Thailand's Personal Data Protection Act aka the "Thai GDPR"

Home, Bangkok, Thailand, 2018-10-02

#compliance #thailand #cloud

 
Photo by ev

Recently a customer asked about the “Thai GPDR” and how it would affect their business, specifically what the impact would be on storing data on the cloud in regions outside Thailand.

His question was not how the European GDPR applies in Thailand - but rather how the upcoming Thai regulation will impact his business. Many people haven’t heard about this regulation, so I’d like to share the understanding I’ve gathered from various reports which are all linked below.

The regulation is still in draft, and is sometimes referred to in the media as the “Thailand Personal Data Protection Regulation” or the “The Thai GDPR”. I believe the correct term is the “Thailand Personal Data Protection Act” or PDPA and I’ll refer to it this way for the rest of this post.

The PDPA has been in draft since 2014 and is now going through the legislative process. A draft was approved on May 22nd and the regulation was redrafted again on September 1st - basically it’s a work in progress.

According to Paiboon Amonpinyokeat the May draft was a major rewrite of “40-50 percent” - I suspect that this draft was heavily influenced by the European GDPR.

Key points:

  • You can only collect personal data for justifiable purposes, and only with consent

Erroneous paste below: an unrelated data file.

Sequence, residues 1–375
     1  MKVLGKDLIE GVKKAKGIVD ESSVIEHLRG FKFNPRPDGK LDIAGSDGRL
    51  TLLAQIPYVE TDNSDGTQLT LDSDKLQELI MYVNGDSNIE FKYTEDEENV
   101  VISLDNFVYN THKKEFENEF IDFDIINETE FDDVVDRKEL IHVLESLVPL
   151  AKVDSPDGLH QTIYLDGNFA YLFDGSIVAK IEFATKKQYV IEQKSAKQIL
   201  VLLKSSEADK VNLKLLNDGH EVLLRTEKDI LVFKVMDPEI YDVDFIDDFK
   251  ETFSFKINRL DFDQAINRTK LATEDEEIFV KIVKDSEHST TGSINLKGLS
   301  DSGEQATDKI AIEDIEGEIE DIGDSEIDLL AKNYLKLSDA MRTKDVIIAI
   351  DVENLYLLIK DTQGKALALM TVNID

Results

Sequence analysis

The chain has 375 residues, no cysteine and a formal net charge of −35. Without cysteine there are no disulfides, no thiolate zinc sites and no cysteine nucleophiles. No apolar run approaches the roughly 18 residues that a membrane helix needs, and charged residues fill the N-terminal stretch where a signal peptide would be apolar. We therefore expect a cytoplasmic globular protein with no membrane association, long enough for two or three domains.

• You cannot collect certain types of information except in special circumstances - medical, religious, sexuality, political
  • You can only transfer data cross-border if the destination country has similar regulation in place, and only with consent
  • “Data Subject” is entitled to access data about themselves
  • Data collected pre-regulation is grandfathered in (with caveats)

To the point the customer asked - currently it’s not clear according to Khun Dhiraphol Suwanprateep from Baker McKenzie:

However, the bill does not exactly provide safe harbour or exemptions that will fit the nature of digital business, big data and cloud computing business, he said.

We’re probably going to have to wait for the final regulation to be published before we can be sure the impact, but so far it looks like it’s going to be GDPR-like and that we’ll be able to use cloud regions in a jurisdiction that have equivalent regulation.

References: